Here at our home in Louisiana in March, my daughters and I were so touched by the news of the Japanese earthquakes and tsunami that we decided to fold 1,000 origami cranes — a senbazuru — to send to Japan.
Our family’s effort quickly gained momentum in our community. For the five days before we mailed the cranes, someone was knocking on our door every hour or so throughout the day and evening dropping off bags of cranes.
If you’ve ever tried to fold a crane, you know those were little bags of love.
Many people came in and sat at our table and folded more cranes. It was beautiful. When we reached our goal of 1,000, the cranes kept coming. All in all, we mailed 1,873 cranes. The Bezos Family Foundation, through Students Rebuild, donated $2 to the Japanese recovery for each of those cranes. Even after a few weeks of our cranes arriving at the Students Rebuild office in Seattle, people from around the world kept sending them.
All in all, the organization received 1 million origami cranes — 900,000 more than their target goal. Organizers are partnering with Architecture for Humanity and shipping the cranes to become an art installation in Japan. They’re using the money to build an orphanage and a school in the Sendai area.
Skip a few weeks forward.
In April, my 13-year-old daughter, Greer, and I visited England. We made a trip to the English city of Bath, a city first settled by the Romans and so named because it was loved then and now for its warm healing waters. In fact, Greer and I toured the bathhouse the Romans used 2,000 years ago.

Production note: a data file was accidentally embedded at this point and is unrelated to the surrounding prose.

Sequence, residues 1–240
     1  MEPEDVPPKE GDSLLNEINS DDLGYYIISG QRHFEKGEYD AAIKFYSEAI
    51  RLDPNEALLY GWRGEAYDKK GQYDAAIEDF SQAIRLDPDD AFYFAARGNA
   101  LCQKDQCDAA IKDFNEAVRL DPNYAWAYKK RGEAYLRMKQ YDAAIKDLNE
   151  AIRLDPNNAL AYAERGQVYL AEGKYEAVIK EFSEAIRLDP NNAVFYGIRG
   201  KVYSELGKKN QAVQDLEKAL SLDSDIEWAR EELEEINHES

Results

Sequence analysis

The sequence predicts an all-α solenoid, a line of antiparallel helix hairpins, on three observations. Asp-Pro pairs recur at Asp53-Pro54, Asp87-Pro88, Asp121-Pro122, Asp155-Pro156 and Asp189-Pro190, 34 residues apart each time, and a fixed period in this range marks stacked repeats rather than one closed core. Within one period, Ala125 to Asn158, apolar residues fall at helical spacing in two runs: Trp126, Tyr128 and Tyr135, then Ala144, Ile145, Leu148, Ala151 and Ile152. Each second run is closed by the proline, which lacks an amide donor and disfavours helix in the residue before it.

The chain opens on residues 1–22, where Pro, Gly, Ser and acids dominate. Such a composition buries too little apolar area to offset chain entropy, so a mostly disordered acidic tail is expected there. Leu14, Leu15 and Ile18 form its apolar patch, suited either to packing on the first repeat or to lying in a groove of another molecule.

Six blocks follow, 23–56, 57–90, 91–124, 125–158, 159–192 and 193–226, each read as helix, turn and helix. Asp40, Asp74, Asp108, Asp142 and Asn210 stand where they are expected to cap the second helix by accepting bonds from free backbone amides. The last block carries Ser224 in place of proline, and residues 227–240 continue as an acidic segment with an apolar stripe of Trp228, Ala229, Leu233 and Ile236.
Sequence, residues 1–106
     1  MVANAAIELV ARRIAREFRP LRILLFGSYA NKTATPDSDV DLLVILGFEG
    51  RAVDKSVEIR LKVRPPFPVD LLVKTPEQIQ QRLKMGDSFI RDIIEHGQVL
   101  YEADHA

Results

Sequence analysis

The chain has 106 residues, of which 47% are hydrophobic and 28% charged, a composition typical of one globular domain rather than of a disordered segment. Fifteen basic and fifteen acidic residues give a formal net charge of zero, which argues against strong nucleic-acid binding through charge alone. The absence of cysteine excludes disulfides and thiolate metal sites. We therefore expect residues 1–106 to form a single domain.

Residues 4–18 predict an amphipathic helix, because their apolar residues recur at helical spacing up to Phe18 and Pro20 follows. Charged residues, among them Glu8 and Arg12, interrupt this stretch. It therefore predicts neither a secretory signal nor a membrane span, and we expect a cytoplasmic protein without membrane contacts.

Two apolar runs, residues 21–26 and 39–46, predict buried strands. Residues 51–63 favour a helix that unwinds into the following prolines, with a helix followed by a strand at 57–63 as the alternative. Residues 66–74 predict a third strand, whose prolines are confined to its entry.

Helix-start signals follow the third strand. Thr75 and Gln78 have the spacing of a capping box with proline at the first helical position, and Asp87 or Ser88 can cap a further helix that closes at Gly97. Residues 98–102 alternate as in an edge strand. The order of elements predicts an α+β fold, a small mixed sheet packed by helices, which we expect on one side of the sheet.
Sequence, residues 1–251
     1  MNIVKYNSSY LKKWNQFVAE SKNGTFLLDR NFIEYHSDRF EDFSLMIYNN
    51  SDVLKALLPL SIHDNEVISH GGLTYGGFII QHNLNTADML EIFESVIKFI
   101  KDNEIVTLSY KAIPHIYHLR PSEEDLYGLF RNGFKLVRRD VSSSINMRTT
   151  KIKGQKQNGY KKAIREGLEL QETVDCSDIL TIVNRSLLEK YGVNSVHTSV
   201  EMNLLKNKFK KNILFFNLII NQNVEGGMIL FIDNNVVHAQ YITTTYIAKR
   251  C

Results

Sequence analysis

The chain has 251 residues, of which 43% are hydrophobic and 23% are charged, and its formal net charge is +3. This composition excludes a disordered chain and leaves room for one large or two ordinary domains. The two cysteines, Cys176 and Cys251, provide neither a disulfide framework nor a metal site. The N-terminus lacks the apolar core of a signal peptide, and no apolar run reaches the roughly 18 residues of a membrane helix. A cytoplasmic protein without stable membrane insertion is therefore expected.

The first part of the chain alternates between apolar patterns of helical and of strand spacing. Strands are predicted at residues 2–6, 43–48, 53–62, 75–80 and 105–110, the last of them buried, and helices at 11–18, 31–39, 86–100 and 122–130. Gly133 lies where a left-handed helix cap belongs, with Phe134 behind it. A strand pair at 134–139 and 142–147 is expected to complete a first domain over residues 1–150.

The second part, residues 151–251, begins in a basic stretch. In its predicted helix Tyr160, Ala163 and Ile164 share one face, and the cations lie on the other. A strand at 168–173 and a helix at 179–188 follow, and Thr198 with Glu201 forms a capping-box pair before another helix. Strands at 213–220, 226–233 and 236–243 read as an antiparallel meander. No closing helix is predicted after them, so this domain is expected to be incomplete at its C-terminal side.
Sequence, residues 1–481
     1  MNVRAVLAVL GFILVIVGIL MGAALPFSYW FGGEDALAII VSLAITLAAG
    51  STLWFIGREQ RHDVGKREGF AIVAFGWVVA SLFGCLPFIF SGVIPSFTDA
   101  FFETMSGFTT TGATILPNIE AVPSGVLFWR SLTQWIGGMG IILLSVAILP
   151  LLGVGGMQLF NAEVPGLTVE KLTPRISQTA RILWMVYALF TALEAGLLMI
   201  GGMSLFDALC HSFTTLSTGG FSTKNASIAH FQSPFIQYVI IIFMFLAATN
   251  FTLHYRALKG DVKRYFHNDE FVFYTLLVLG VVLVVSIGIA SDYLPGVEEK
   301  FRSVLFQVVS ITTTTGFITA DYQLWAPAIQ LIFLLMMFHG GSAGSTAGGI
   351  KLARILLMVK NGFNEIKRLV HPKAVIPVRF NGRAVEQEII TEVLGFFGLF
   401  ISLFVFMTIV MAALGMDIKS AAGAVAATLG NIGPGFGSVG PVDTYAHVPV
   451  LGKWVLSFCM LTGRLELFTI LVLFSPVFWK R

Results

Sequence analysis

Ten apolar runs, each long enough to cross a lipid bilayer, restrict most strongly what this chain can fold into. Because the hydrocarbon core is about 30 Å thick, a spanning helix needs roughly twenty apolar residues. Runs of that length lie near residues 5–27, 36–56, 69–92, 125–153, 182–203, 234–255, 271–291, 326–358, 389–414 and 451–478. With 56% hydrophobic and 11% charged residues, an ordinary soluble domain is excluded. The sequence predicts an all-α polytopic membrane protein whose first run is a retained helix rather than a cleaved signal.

Upon entering the bath area, we practically bumped into two Asian girls. One tall and one short. I asked them if they would take our photograph by the bath. As I handed my camera to the shorter girl, I realized their English was marginal. That always makes me happy. Having taught English as a foreign language for many years, I still enjoy speaking with people learning my native language.
I smiled and in the way I speak with my hands, arms, legs and toes when I’m trying to communicate with someone who’s trying to learn English, I said, “In March, we folded 1,000 cranes for a senbazuru for Japan.”
I knew they would recognize the word “senbazuru.” They did.
Both girls put their hands together and began bowing to us saying, “Thank you,” over and over and over.
Greer and I recognized their sincerity immediately, but they kept saying, “Thank you.” Then, I saw a single tear roll down the check of the taller girl. Followed by another.
I know well the reticence of emotions in the Japanese culture. However, after three or four heartfelt thankyous, the taller girl’s tears began to fall in abundance. Within a moment, she was sobbing uncontrollably.
I opened my arms and she fell into them, silently sobbing. I share this not to embarrass her in any way, only to say that for a few minutes, the four of us stood there sharing a moment that touches me still, and likely changed my daughter in a way that nothing else could have.
They didn’t know our names. We didn’t know theirs. Still don’t, in fact.
Tears began to roll down Greer’s, the other girl’s and my own cheeks. It was one of those experiences you can’t believe even as it’s happening — powerful and compelling.
Finally, the Japanese girl regained her composure and we began to smile and laugh. She said one more “Thank you,” and the four of us posed for a photograph, arms locked.
I don’t know why our tale of a senbazuru touched her the way it did. I don’t know if she lost family in the tsunami. I don’t know if it was just that moment of realizing how connected our lives are and that people in one place genuinely care about those in another.
I wish I knew her name. I wish I knew her version of the story. I wish she knew how she touched our lives.